Canada’s National Anthem Includes Everyone

As of January 31st, 2018, Canada’s Senate approved changing the words of “O’ Canada”, our country’s national anthem to make the English version gender neutral. What appeared to be a simple quick fix in lyrics, actually produced a great deal of controversy, especially from Conservative senators. When O’ Canada officially became the country’s national anthem in 1980, 12 bills have been introduced in the House to replace “in all thy sons command” with “in all of us command”. Since then, all attempts at reform have failed, until now.

The English lyrics of the Canadian anthem were written by judge and poet Robert Stanley Weir in 1908, however his original words did not include the notorious line. It was added only after World War I in reference to the men that lost their lives in battle. On May 6th, 2016, Liberal MP Mauril Bélanger, who was battling advanced stages of ALS, made it his dying wish to amend the lyrics to promote the traits that our nation strives to embody: the principles of gender equality and inclusivity. Before he passed away, Bélanger introduced a private member’s bill known as Bill C-210 and it was quickly approved by the House of Commons with a vote of 225 to 74. The bill hit a roadblock once reaching the Senate as the Conservative opposition took extensive filibuster measures to prevent the bill from passing. Some members of the Senate cited that the new phrasing is “both grammatically incorrect and a misguided attempt to make the song reflect ‘today’s values’”. However, this does not appear to be an issue for the French. The french version of the Canadian anthem actually has quite a few differences to its English counterpart, one of them having been gender neutral from the beginning. 

Nova Scotia Conservative Senator Michael MacDonald stated that the amendment is “simply an attempt to sanitize a national symbol”. The Senator further stated that  our national symbols will begin to no longer hold value as a result of the continuous revisions. It was widely agreed upon by Conservative Senate members that passing this bill will gradually erode Canadian national heritage. However, in order to fulfill Bélanger’s wishes, an unusual motion was made in the Senate to limit debate in order for the bill to pass in time for the 2018 Winter Olympics in PyeongChang, South Korea. It was concluded that the small change will have a major impact on how the next generation views the fundamentals of being Canadian.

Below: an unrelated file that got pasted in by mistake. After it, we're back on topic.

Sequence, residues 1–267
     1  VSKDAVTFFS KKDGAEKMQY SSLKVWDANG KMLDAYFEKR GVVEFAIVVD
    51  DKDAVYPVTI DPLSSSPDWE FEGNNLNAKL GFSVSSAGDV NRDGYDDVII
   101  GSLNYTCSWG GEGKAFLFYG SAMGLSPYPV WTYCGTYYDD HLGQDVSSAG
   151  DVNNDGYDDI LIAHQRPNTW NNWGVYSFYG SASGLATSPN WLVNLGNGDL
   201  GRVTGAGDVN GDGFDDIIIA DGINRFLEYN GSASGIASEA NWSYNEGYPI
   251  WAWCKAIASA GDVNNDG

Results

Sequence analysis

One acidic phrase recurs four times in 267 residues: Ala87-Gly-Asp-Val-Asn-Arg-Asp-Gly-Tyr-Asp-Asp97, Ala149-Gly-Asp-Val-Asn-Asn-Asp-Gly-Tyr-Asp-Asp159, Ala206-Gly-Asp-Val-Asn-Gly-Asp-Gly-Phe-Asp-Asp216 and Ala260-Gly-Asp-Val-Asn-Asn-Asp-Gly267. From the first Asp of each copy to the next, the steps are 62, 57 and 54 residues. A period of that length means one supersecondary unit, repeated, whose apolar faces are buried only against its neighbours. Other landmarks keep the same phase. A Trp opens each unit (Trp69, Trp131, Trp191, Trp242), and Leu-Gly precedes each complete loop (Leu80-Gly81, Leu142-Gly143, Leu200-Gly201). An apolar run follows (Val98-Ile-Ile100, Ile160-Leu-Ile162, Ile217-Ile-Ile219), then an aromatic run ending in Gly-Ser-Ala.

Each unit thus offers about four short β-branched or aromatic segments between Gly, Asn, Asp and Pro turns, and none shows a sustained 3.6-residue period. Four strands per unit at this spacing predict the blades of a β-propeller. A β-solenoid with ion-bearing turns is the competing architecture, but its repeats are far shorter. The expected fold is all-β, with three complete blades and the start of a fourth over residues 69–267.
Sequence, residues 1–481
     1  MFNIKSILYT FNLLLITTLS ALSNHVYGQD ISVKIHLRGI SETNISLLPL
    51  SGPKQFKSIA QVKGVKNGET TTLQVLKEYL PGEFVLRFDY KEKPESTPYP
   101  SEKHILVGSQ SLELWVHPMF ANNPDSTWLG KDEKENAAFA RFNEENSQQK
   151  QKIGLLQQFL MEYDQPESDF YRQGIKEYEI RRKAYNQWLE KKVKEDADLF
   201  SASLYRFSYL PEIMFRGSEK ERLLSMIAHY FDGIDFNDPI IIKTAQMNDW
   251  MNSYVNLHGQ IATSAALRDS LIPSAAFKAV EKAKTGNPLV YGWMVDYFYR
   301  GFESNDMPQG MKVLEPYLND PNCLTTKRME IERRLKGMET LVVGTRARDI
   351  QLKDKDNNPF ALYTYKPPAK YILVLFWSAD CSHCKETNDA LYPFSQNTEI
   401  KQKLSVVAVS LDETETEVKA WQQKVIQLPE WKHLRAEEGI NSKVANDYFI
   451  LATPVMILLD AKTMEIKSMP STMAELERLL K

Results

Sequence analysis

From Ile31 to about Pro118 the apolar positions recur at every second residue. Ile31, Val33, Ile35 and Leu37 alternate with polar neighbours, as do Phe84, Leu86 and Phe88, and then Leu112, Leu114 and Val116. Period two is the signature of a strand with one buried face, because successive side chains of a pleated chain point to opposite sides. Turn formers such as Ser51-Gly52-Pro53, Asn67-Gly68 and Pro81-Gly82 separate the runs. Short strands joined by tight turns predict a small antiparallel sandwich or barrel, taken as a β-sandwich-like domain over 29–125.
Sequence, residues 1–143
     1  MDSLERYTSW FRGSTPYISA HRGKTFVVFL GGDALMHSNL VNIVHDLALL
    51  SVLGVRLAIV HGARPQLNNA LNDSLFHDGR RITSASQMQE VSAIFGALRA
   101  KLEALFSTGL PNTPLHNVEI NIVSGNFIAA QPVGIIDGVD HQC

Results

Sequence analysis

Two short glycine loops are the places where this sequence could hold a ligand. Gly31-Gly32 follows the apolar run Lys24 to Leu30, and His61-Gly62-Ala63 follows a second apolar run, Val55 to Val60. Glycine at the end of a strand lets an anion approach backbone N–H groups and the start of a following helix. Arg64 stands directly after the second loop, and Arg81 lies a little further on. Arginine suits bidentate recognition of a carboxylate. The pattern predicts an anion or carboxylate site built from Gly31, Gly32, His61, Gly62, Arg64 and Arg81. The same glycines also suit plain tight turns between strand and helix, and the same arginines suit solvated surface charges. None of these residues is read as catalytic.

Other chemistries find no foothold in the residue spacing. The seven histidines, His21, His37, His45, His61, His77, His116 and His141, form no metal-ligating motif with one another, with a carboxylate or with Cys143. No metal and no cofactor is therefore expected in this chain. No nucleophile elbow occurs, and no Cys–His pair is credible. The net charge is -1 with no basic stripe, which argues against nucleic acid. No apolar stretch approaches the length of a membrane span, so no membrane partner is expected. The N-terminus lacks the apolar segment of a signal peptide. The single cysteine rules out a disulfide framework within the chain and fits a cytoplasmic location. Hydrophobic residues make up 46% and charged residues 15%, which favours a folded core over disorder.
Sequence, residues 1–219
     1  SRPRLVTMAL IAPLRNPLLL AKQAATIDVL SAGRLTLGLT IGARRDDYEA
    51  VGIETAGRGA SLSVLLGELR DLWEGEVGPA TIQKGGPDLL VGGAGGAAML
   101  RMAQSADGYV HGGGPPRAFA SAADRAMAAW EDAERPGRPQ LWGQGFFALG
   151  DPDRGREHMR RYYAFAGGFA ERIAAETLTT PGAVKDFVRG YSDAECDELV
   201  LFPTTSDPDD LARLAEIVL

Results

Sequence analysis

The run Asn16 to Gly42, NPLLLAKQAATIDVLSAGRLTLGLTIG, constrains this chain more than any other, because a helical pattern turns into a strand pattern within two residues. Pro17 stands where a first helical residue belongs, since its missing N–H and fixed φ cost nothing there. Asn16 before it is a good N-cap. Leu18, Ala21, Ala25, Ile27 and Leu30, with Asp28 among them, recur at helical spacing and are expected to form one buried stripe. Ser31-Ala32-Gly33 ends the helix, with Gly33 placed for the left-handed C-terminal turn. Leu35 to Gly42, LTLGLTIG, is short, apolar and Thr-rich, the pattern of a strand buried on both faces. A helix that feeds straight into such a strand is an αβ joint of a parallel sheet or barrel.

This small change in lyrics does in fact hold great symbolic value to Canadians across the nation. The Canadian national anthem instills patriotism in the proud citizens of our country as the anthem is one of the country’s major national symbols and what Canadians proudly sing every day. It is played daily in elementary and high schools, before the start of national and regional sporting events, and during official ceremonies. Although the change will not automatically fix the ongoing issues of sexism and gender equality, nor will it prompt equal pay or employment access on the whole of the population, it will however, promote the erosion of the gender boundaries

The changes in the amendment embarks on a whole new era of men and women working together to build Canada. It allows us to become unified while finally being able to including the 18 million women that make up our nation. As our nation evolves and grows throughout time, our laws and Canadian values need to progress as well, just like we have amended laws regarding homosexuality and abortion. In the “country of freedom” the promotion of masculine lyrics is extremely contradictory to our national identity. With this simple change, the result will be tremendous in the promotion of women’s rights, so why should it be an issue? After all, it is only two words right?

OpinionZahra Mohamed